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That girl at summer camp

My parents sent me to summer camp every year. It was usually a week, sometimes two weeks, and I never once said, "Can I go to summer camp, can I please?," so I think they enjoyed the week without me more than I enjoyed summer camp. Most years, anyway.

It was always a Christian summer camp, where kids were required to attend Bible studies, morning, midday, and before supper. If it wasn’t raining, though, the Bible study might be at the lakeshore. There were singalongs, but the songs were hymns. There were arts and crafts classes, but the art was always supposed to be about something Biblical, like my macaroni Joseph and his coat of many noodles.

The best part of summer camp was an hour and a half daily when all the kids got to hang out at the main building, or on the basketball courts right outside.

I wasn't there. It was easy to sneak away and there were bullies to avoid, so I usually spent that hour and a half having fun instead, in the woods, climbing trees, telling myself stories, and eating ferns that tasted like licorice.

♦ ♦ ♦

One summer at camp, in early adolescence or on the cusp, I stayed out of the woods long enough to have an almost-girlfriend. Her name was Anita, and I liked her, and she liked me. We didn’t make out, we only kissed twice, and the second one was a kiss goodbye, but she was a real live girl who spent some of her time with me, by choice. That had never happened before.

We lived hundreds of miles apart, so I knew I'd never see her again, but when camp ended we exchanged addresses. We sent each other a few letters, and then stopped, of course. Now I remember almost nothing about Anita except her name. She hasn't been even briefly on my mind in years, perhaps decades — but she mattered to me that summer.

On the drive home from camp, my parents asked whether I’d had a fun week away, and I answered their questions. I told them about the so-so food, and the bugs in the cabin, and complained that there’d been too much Bible and too much God … and I told them about Anita.

Mom and Dad listened as I prattled on. Mom didn't say anything, and Dad said only this, about my beloved girl from camp: “Anita, huh? The same name as your grandmother. I wonder what that means?”

Until Dad said what Dad said, I'd been pleased with myself — super-shy kid goes to summer camp, reinvents himself as a little ladies’ man, and actually holds hands with a girl? This was my greatest accomplishment so far in life!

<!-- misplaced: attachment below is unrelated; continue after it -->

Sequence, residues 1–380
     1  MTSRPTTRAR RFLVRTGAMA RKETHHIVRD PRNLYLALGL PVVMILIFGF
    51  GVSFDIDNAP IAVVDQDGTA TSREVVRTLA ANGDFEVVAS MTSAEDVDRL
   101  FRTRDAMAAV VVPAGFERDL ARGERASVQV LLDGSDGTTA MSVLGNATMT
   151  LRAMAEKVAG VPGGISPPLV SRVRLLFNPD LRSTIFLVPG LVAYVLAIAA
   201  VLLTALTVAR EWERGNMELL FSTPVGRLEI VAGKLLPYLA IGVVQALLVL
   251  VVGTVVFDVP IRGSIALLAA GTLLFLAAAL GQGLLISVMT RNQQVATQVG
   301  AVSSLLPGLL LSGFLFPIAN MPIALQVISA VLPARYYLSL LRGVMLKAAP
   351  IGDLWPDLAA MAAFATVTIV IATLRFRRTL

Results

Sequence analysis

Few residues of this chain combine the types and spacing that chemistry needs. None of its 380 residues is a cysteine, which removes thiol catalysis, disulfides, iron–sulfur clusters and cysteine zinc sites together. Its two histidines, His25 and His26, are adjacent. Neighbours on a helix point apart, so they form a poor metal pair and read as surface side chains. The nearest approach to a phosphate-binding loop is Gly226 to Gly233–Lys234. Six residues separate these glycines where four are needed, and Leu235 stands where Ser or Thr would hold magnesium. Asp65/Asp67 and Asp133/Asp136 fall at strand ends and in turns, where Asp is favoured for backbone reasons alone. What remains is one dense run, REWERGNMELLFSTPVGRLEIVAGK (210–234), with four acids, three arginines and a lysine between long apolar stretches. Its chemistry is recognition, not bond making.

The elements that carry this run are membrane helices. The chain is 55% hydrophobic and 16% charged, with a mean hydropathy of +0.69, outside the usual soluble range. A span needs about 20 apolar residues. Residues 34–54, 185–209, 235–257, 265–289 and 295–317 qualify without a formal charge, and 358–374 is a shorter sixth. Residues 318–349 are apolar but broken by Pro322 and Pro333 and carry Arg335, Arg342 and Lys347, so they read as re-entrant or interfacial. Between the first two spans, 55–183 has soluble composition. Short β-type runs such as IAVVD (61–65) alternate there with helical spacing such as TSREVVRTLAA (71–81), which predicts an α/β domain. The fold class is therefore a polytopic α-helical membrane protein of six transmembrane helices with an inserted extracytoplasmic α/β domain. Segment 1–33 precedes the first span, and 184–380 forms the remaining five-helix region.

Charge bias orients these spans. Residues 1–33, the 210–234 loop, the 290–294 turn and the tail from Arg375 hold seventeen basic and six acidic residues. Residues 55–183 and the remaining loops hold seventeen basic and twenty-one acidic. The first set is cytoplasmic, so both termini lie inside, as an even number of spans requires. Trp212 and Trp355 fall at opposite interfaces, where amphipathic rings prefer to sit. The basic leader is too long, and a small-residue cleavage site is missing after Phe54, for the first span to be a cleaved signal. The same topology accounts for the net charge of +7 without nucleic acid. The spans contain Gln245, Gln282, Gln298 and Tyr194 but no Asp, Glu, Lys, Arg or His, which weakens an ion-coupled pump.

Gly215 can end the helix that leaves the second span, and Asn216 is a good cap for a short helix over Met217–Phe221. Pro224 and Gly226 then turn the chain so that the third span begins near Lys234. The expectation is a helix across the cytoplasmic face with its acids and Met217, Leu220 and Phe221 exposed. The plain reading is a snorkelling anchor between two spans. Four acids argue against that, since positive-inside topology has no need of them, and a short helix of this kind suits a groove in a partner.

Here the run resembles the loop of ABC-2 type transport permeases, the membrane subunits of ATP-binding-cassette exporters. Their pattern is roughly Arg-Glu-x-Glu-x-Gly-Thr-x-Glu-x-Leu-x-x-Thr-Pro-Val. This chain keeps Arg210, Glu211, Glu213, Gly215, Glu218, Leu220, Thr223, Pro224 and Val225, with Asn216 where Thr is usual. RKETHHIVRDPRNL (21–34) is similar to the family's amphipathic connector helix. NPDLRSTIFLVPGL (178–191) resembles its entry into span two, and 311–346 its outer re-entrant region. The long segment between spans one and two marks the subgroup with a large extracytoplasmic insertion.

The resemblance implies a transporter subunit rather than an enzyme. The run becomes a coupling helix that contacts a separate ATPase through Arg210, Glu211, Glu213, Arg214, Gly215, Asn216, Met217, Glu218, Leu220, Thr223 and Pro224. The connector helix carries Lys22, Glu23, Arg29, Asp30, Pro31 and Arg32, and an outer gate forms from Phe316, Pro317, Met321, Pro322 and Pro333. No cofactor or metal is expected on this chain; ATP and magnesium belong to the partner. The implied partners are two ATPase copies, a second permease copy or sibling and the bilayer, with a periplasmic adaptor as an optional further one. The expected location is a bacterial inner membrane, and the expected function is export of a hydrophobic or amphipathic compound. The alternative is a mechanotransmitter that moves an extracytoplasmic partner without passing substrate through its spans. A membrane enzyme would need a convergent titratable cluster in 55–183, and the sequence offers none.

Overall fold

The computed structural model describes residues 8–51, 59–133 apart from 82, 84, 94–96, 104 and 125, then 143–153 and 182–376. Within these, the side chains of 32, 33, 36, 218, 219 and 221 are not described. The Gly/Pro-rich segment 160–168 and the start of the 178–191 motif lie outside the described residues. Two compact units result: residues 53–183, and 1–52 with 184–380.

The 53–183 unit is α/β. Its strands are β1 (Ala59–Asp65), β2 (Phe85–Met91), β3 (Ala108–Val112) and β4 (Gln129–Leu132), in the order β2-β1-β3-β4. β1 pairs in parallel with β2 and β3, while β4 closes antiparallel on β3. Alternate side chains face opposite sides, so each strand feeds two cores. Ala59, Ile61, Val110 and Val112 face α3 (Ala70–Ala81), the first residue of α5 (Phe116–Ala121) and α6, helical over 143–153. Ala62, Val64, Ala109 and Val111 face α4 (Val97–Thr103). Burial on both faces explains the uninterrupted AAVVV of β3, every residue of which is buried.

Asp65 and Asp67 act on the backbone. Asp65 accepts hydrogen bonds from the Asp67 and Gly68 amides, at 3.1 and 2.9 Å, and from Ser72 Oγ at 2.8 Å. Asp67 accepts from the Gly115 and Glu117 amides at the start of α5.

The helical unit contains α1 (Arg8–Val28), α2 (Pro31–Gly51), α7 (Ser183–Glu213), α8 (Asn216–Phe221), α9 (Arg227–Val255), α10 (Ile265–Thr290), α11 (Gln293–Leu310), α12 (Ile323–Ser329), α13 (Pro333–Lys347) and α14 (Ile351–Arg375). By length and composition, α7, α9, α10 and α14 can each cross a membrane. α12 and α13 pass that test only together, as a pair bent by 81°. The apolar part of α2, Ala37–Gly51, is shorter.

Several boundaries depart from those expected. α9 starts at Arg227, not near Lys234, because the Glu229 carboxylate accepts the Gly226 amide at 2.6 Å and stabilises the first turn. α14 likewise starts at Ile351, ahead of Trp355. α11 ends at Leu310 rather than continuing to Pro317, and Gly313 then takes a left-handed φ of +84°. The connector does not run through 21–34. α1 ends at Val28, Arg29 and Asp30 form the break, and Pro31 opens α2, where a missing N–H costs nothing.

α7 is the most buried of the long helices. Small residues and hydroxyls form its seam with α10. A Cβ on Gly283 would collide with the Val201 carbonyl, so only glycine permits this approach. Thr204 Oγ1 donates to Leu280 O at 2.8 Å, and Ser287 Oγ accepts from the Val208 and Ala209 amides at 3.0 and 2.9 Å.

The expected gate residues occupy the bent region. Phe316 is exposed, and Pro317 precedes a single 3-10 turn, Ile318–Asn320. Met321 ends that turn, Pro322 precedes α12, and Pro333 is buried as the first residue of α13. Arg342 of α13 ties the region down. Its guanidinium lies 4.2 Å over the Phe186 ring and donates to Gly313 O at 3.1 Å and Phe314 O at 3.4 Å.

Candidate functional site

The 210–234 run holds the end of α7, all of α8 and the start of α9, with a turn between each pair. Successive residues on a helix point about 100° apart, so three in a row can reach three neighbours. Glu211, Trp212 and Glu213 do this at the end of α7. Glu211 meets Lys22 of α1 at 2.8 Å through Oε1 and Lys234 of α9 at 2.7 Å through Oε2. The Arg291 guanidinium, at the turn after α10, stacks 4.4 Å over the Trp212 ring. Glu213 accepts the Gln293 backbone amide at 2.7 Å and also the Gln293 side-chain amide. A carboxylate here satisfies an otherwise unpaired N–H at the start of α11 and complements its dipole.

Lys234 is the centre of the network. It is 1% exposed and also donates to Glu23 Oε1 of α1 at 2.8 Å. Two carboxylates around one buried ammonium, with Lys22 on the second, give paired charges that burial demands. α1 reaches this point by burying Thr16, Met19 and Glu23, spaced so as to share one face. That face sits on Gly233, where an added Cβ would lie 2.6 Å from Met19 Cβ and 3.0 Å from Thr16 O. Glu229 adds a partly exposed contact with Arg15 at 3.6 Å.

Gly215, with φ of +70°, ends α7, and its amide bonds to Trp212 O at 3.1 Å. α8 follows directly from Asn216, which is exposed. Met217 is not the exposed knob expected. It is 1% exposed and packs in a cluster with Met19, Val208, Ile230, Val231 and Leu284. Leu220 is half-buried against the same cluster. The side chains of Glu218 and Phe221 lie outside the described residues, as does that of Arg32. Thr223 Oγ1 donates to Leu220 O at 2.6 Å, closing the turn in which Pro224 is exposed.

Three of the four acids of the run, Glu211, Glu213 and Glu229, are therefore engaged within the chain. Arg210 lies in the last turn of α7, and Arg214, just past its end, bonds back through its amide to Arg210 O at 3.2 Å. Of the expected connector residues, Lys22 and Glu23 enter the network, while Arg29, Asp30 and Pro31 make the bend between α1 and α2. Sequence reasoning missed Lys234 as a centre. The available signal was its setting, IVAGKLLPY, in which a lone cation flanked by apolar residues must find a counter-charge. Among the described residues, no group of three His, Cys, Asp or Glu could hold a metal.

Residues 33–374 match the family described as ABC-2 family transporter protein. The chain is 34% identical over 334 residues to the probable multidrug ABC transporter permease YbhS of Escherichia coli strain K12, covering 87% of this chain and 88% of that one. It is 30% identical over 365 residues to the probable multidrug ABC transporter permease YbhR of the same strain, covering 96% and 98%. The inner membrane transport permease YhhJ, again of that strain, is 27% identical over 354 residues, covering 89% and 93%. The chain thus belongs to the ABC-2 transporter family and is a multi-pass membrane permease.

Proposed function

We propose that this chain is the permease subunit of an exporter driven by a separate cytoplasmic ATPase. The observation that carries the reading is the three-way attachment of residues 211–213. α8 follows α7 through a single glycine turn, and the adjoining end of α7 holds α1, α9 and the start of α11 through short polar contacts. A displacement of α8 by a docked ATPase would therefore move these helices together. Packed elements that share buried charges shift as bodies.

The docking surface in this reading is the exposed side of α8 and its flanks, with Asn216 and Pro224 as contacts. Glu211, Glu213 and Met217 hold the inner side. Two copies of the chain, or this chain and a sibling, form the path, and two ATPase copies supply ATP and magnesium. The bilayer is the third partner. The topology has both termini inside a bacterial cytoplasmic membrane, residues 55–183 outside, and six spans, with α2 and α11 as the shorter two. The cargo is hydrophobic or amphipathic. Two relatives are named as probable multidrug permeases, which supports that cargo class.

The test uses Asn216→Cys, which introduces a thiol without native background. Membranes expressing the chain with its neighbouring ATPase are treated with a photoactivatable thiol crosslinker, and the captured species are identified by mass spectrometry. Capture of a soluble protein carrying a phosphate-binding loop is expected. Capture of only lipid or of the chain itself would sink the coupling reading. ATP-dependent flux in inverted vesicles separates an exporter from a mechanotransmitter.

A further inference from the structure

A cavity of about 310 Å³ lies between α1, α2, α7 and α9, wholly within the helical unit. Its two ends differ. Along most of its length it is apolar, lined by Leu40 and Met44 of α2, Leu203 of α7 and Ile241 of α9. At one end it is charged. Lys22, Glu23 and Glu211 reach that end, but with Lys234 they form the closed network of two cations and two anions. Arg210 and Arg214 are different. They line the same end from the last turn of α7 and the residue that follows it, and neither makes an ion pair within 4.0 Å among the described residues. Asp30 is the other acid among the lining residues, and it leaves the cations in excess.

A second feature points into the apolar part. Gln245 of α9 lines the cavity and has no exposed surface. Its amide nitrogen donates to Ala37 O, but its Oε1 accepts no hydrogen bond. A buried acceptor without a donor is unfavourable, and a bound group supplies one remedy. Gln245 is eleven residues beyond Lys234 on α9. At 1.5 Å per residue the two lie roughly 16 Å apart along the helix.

But wait, was I not allowed to like any girl who shared my grandmother’s first name? Was I also supposed to avoid girls who had my mother’s name? My sisters’ names? What about cousins?

I was just a kid, and hadn’t yet heard of Oedipus Rex, let alone GrandOedipus Rex, but what my dad was implying seemed downright freaky. To me, Anita was Anita, and my grandmother was ‘Grandma’. I hadn’t even noticed that they had the same name.

What my father said pissed me off, obviously — it’s fifty years later and I’m still annoyed.

I know, of course, that it was just my dad not knowing what to say, so he made a lame wisecrack. That's what dads do. I'm not a dad, but I do that, too. The experience didn't warp me, or make me into an axe murderer. But I understood that my first big crush was a joke to my old man.

And from that day to this, it was the last time I was simply open and honest with my parents about anything that mattered to me. After that, always there was a moment or a month of hesitation, as I calculated the risks: If I tell them, will I be scolded? Will I get a wisecrack, or a Bible verse? Will I get anything helpful from being straightforward with Mom & Dad?

The answer was usually nope, so there's a lot about me that they never knew.

7/14/2021

itsdougholland.com 

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7 comments:

  1. Captain HampocketsJuly 14, 2021 at 8:00 AM

    One of the weirdest things I saw when I moved out of NJ were ads for "Vacation Bible School." Like, church-sponsored summer camps, like you describe. Wild shit that I never saw where I was from.

    ReplyDelete
  2. That isn't all that harrowing what your father said, but I bet it was when you were a kid.

    ReplyDelete
  3. Two friends of mine got married, Joe and Jo Ann, and I wonder what your father would say.

    ReplyDelete

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